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Ruby 2.0 has been released, see:


What changes to my Rails App/Installation should I anticipate making after upgrading my system to Ruby 2.0?

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Seems like there is not a big list of breakages, updating now to see how a live rails app handles it. –  Cluster Feb 24 '13 at 19:58
Instead of asking us to foretell any potential snags, go upgrade and try it out. Ask here if you need help solving specific issues. We don't know what version of Rails or which gems you are using. –  gg_s Feb 24 '13 at 20:24

2 Answers 2

up vote 16 down vote accepted

So here's what I had to do after upgrading.

Bundler 1.2.x is not compatible, it raises an error saying to upgrade to >= 1.3, which is not yet release. So if you are using RVM, jump into your global gemset for the 2.0 ruby and upgrade to 1.3.pre version until 1.3.0 is released. Also it seems like there's something up with the rubygems api. My bundle install did not use the new API, instead doing the old 'fetch index' method, which of course takes a little bit longer.

Aside from that, my bundle did install cleanly, and my full set of spec tests completed with all OK. I did some timing tests to see how much the rails load time has improved.

# Using 1.9.3-p327

RSpec Time: 24.87s
Wall Time : 34.40s
Load Time :  9.53s

# Using 2.0.0-p0

RSpec Time: 22.49s (90.4%)
Wall Time : 26.89s (78.2%)
Load Time :   4.4s (46.2%)

Obviously the load time for rspec is a little heavier with all of the testing gems, but still over a 50% drop in load time and a 10% drop in test run time is nice.

I did a similar test using rails runner 'puts User.count' which would skip the test bootstrapping.

1.9.3 : 7.27s
2.0.0 : 3.36s (46.2%)

Again, nice drop of over 50% :)

Kind of getting off track here... new toys do that I guess, but it seems like the only change I had to make was upgrading to a pre-release bundler.

Here's another test of different iterators

$ rvm 1.9.3-p327,2.0.0-p0 --verbose do ruby test.rb
ruby-1.9.3-p327: ruby 1.9.3p327 (2012-11-10 revision 37606) [i686-linux] 
       user     system      total        real
for    0.610000   0.000000   0.610000 (  0.607189)
times  0.580000   0.000000   0.580000 (  0.587303)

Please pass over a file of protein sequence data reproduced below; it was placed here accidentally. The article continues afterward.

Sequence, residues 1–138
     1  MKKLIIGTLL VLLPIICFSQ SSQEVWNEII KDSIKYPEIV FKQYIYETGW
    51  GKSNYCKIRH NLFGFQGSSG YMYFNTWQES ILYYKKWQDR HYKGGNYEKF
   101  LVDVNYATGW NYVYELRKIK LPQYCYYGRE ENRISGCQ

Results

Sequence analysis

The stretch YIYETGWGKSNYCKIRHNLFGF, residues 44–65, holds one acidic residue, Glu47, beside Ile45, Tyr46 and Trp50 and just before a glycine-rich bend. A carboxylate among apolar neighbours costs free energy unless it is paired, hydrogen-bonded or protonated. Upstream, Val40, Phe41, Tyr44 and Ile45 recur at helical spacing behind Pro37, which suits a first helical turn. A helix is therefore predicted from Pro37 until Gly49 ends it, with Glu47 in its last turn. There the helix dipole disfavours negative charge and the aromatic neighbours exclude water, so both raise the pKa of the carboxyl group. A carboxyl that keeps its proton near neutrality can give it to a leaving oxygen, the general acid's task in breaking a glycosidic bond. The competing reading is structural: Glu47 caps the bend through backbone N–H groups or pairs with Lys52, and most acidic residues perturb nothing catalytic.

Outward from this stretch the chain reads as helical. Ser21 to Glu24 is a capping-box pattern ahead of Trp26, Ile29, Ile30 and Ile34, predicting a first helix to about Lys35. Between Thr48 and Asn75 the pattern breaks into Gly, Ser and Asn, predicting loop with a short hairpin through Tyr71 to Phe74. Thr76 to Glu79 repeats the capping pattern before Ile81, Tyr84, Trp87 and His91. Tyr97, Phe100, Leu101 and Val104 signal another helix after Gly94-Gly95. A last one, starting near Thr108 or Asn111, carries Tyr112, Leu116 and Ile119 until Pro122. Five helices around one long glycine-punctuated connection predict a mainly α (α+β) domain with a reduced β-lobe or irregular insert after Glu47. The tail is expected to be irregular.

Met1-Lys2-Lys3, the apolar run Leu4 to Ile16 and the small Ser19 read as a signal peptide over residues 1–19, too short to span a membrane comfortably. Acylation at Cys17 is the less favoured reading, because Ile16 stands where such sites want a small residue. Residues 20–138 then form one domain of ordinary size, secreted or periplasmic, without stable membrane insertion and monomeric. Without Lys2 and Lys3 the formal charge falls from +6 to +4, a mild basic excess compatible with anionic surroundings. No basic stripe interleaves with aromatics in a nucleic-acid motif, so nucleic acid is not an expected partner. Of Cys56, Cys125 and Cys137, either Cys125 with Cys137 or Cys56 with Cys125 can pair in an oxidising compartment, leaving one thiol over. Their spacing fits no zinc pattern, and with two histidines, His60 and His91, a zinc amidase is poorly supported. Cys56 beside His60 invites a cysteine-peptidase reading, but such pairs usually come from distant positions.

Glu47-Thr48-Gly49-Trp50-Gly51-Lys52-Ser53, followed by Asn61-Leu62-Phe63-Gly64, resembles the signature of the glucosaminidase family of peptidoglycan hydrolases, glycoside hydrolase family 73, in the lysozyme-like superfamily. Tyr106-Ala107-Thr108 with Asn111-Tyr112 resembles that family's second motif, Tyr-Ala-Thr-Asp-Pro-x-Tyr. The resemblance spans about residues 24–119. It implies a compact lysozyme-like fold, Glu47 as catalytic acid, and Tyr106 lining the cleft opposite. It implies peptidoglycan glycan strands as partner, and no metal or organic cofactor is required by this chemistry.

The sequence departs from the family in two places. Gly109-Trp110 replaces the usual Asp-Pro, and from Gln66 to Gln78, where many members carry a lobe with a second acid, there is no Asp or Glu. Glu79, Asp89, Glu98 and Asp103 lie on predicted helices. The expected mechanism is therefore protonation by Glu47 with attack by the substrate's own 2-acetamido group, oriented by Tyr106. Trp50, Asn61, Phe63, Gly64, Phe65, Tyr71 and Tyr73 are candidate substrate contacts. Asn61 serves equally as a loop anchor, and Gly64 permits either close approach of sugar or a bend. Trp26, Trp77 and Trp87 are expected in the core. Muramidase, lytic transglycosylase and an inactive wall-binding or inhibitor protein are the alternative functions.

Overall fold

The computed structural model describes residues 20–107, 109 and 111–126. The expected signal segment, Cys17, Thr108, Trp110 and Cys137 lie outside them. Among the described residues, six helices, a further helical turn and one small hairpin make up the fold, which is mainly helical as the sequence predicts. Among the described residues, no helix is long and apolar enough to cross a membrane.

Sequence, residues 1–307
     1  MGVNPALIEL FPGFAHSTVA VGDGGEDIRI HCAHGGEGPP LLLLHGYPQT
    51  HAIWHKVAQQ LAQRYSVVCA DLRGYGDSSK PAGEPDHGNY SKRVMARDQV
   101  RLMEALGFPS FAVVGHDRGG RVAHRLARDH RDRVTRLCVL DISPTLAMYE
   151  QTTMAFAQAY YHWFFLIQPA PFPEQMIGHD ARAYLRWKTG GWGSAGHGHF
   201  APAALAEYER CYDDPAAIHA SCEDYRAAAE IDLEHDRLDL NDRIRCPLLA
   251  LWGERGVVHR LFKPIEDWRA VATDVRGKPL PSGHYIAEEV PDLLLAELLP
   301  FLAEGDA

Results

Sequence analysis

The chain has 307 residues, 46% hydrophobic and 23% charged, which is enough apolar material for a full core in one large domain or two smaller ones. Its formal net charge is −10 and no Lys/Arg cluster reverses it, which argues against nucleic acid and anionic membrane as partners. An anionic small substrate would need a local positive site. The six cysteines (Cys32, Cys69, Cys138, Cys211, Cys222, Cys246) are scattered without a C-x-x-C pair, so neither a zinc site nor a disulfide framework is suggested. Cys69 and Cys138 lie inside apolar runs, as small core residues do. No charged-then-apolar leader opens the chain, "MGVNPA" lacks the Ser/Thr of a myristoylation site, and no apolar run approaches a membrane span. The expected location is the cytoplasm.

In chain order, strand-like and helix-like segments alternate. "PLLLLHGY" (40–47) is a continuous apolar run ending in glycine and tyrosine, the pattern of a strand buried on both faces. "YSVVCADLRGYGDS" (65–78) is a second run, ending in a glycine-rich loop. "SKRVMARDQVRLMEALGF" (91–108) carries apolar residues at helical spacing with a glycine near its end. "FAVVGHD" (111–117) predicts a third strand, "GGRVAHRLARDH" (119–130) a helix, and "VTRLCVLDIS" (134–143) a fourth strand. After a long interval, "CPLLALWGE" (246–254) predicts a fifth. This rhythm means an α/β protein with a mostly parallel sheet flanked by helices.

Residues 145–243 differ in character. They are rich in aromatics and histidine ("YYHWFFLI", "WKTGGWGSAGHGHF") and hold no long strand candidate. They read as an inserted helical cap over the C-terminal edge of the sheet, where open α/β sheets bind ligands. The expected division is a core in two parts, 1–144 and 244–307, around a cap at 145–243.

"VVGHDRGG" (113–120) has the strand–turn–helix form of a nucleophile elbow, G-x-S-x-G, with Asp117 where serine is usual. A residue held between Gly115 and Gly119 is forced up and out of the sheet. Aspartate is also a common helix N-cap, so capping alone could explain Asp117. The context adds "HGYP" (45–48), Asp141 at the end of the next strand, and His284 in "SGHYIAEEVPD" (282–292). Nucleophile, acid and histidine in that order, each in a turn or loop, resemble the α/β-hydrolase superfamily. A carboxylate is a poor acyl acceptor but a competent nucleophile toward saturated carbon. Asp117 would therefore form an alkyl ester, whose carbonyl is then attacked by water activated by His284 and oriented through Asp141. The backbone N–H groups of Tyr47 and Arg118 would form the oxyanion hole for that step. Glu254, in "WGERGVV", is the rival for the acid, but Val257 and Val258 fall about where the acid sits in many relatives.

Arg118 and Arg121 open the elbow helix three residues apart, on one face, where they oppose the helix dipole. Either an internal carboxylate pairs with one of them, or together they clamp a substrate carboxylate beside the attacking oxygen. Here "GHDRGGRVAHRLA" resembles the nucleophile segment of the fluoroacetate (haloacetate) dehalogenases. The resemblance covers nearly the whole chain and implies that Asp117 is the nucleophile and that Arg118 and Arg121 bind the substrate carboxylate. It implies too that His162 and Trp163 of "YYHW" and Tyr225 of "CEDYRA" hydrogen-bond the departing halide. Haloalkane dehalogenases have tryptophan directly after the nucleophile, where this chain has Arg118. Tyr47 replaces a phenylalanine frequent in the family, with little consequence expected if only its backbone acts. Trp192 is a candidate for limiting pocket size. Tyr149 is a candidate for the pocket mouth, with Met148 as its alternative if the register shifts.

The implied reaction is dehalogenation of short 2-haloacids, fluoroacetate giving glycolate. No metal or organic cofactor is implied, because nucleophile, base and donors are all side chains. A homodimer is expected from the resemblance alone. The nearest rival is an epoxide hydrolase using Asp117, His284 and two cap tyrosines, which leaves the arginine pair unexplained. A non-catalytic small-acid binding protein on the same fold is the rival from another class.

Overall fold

upto   0.590000   0.000000   0.590000 (  0.585730)
each   0.590000   0.000000   0.590000 (  0.593494)
ruby-2.0.0-p0: ruby 2.0.0p0 (2013-02-24 revision 39474) [i686-linux] 
       user     system      total        real
for    0.590000   0.000000   0.590000 (  0.582743)
times  0.560000   0.000000   0.560000 (  0.565961)
upto   0.560000   0.000000   0.560000 (  0.562400)
each   0.570000   0.000000   0.570000 (  0.573469)

Marginal, about a 4-5% gain.

More interesting is this, calling Object.new 500 million times

1.9.3 : 129.063s
2.0.0 :  97.234s

About a 25% drop in object creation time.

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"jump into your global gemset for the 2.0", is that the apps gemfile? Or is it something separate? I recently began using RVM. Thanks for the insight! –  Brian Petro Feb 24 '13 at 23:24
Found it. In .rvm/gemsets. stackoverflow.com/questions/4007171/… –  Brian Petro Feb 24 '13 at 23:26
Right, RVM has a global gemset for each installed ruby. It's where it installs bundler, rake and rvm itself. Plus I like to install gems like pry/hub/debugger so they are available everywhere. –  Cluster Feb 25 '13 at 5:53
@Cluster: Are you using rubies that were both compiled (not prebuilt binaries) by RVM? I'm trying to replicate this test as I'm actually noticing a slow down switching a Rails app to 2.0.0. So I ran an object creation test comparing 1.9.3p392 and 2.0.0p0 and 2.0 actually took over 2x as long as 1.9.3 on the same machine... –  jcoleman Feb 27 '13 at 19:17
Although it's nothing to do with the question asked, I love the benchmarks, very interesting. –  Mike Campbell Mar 5 '13 at 12:56

I started a new project with rails 4 and ruby 2.0. This is how I did it.

First, I set RVM to Ruby 2.0.

Then installed bundler 1.3:

$ gem install bundler

Updated these gems and 'bundle install'.

gem 'rails',     :git => 'git://github.com/rails/rails.git'
gem 'journey',   :git => 'git://github.com/rails/journey.git'
gem 'arel',      :git => 'git://github.com/rails/arel.git'

group :assets do
  gem 'sass-rails',   :git => 'git://github.com/rails/sass-rails.git'
  gem 'coffee-rails', :git => 'git://github.com/rails/coffee-rails.git'
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